Nighttime walleyes are even more numerous in shallow water at certain times of year than at others.
When I was a youngster I spent a lot of time growing up in the Northwoods, I often hoped on my bike to ride to a lake to fish from shore during the day. When you’re eight years old, pretty much everything you caught you kept from panfish to walleyes.
At night, my Uncle Leonard “Rick” Rickert would drive me somewhere to fish. He owned and operated the Woods Motel & Resort at the junction of U.S. 51 North and Highway 70 East in Arbor Vitae, Wis.
Back then, we didn’t have fancy lighted slip bobbers. The lights from the windows of a nearby tavern or cabin illuminated our floats and the boat dock. By the time I had to go home, I usually had a stringer tied to the dock heavy with whatever would bite. The catch often included several walleyes that hit late during the night.
Uncle Rick’s resort has been torn down for years. All I’ve got left from that time in my life is a 1958 Johnson Seahorse 5.5 horsepower outboard he gave me and the memories. I wouldn’t trade those fishing days or shoreline night for anything in the world.
I came away with one thing more — an important bit of fishing knowledge. Walleyes spend a lot of time after dark prowling the shoreline in search of food within a single cast of land.
Where to Find Them
They frequent the shoreline when water is cold in spring and again in fall. Piers located on a gravel shoreline or the north shore can be hot then. Don’t forget the fact the very biggest walleyes in a system are among the females that move to shallow water to spawn in spring at night along shorelines that feature fingers and extended points. Those big fish will be back when cisco spawn during late October and November.
Docks and piers near weeds are better in summer. Public fishing piers that extend out into the lake provide fishermen some deeper water night float opportunities in warm weather, too.
Waves hitting a shoreline turn the walleyes on no matter what the season.
More than a few of my area’s largest walleyes are caught by locals off their boat dock or a public fishing pier. In central Illinois, the state record segue of 9 pounds, 10 ounces was caught near dusk by a guy fishing from a public dock on a 900-acre reservoir.
As a result, every boat dock, public fishing pier, dam, spillway, bridge, railroad trestle and shoreline becomes another opportunity to fish lighted slip bobbers. Some walleyes will collect under boathouses built over the water supported by tons of wooded pilings and beams because wood attracts baitfish. The lights on the docks and piers start the food chain when they attract bugs and baitfish towards the light. Another plus — most public piers are handicap accessible.
The best water depth for dock/pier fishing is 10 feet or less, but odds improve when there’s a drop off to deep water nearby. Shoreline snags like logs, downed trees, weeds and fish cribs are best fished from shore, not from a boat, and snags, logs, downed trees and the weeds are great targets for lighted floats. Many people who own houses or a cabin on a lake sink logs or rocks or wind up in 10 to 15 feet of water, just a short cast away from the dock.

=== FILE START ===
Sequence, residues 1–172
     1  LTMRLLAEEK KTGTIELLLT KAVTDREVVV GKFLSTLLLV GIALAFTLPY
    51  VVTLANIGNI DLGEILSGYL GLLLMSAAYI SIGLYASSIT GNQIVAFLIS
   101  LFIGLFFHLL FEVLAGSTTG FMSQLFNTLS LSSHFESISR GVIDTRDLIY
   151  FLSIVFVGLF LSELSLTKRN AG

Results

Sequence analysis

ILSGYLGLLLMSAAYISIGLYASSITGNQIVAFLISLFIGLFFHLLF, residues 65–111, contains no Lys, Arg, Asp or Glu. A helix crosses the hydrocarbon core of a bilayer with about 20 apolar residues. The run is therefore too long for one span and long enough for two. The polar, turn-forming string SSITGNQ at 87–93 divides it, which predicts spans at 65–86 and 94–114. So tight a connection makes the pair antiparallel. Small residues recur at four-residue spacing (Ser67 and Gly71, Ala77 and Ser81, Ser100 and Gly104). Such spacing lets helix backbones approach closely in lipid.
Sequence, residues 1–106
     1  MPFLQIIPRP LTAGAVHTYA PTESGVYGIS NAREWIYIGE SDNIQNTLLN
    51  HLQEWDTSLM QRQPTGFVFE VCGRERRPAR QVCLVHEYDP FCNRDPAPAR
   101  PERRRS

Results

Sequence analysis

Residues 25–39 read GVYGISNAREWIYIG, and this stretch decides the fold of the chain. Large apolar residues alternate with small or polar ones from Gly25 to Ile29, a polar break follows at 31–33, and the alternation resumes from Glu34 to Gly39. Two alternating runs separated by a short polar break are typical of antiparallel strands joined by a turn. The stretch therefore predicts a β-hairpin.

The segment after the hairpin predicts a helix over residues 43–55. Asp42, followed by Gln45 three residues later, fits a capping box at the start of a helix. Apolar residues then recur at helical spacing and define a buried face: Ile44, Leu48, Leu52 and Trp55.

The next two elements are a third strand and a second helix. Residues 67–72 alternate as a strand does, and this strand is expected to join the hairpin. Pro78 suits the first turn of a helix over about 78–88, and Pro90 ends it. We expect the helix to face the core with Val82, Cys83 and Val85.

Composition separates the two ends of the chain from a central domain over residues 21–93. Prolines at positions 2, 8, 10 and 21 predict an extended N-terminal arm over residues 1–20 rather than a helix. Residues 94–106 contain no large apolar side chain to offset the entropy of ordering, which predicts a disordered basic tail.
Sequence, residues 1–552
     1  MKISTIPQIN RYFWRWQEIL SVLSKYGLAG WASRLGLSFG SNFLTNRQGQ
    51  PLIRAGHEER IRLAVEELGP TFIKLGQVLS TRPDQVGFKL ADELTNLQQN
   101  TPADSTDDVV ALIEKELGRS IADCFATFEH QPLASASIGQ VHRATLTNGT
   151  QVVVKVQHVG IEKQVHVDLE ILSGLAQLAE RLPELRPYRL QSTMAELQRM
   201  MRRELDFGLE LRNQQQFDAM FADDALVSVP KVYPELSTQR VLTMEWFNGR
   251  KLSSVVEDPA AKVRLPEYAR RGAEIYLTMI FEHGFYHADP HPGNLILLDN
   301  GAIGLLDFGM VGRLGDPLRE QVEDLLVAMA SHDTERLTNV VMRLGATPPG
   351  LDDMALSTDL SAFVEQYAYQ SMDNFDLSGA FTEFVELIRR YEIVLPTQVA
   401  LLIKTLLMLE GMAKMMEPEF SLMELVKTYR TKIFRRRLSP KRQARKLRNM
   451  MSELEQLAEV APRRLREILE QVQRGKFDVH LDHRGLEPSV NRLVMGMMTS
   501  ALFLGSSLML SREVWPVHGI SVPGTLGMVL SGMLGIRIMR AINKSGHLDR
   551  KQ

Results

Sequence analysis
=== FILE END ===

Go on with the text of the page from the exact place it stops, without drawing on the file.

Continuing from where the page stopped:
Many reservoirs offer designated camping sites on islands and along the shore. Some flowages have designated public fishing areas and parking located below the dam. On occasion you will see me fishing there. You can spend the night walking and casting down a shoreline for miles. Take advantage of the wind to drift the float back to the pier or parallel down the shoreline. A slip bobber that’s moving along gets more strikes.
Shore Anglers are a Quiet Bunch
You’ll probably have to take my word for just how good shore fishing can be until you try it. Shore fishermen are a closed-mouth crew. They seldom report catching walleyes from their dock. Don’t be misled by reports in the local paper that simply site “area lake” where it’s supposed to say what body of water produced that huge walleyes in the picture. Shore fishermen can slip under the radar that way.
More often than not, they don’t say a word to anyone. They keep a tight lip on their nighttime walleye success. I respect that. The last thing they want to see is me fishing right in front of their dock, so they catch big fish and don’t brag. But remembering your neighbor’s $50,000 Ranger boat was tied to his boat at the exact moment he said he caught his trophy should be a dead giveaway he didn’t have to go far. Heck, he’s doing better off the dock. Why go anywhere? Fishing from a boat may be more mobile, but the results aren’t always better.
Keep it Simple
Lighted slip bobbers are a perfect presentation for fishing after dark from a dock or pier because they are simple. A couple of rods rigged with lighted floats and live bait and you’re ready to go. No wonder it’s become a Northwoods tradition to pick up some bait before dark and head for a boat dock, public fishing pier or below dams to cast lighted slip bobbers from shore.
It’s no wonder the city dwellers who take part in the weekend northern migration make it a habit to grab lighted slip bobber rods from the garage or boathouse and cast out bait even before they unload the car after driving for hours on a Friday night. They’ve discovered how simple and effective the tactic is. Forget the boat and the ramp for a night. Just relax on a weathered dock bench on a warm night, watch the moonrise, spend time with the kids and the dog. Anyone might catch a nice walleye. They are there and they bite.
When you do catch a nice one, try to keep your voice down. I can’t tell you how many times I’ve been anchored over deeper water in my boat with clients and not catching fish only to hear someone on shore yell, “I got a big walleye on my line!” Hurry get the net. Hearing that really hurts!
For more slip bobber tips, check out Greg Bohn’s book “Master the Art of Slip Bobbering“.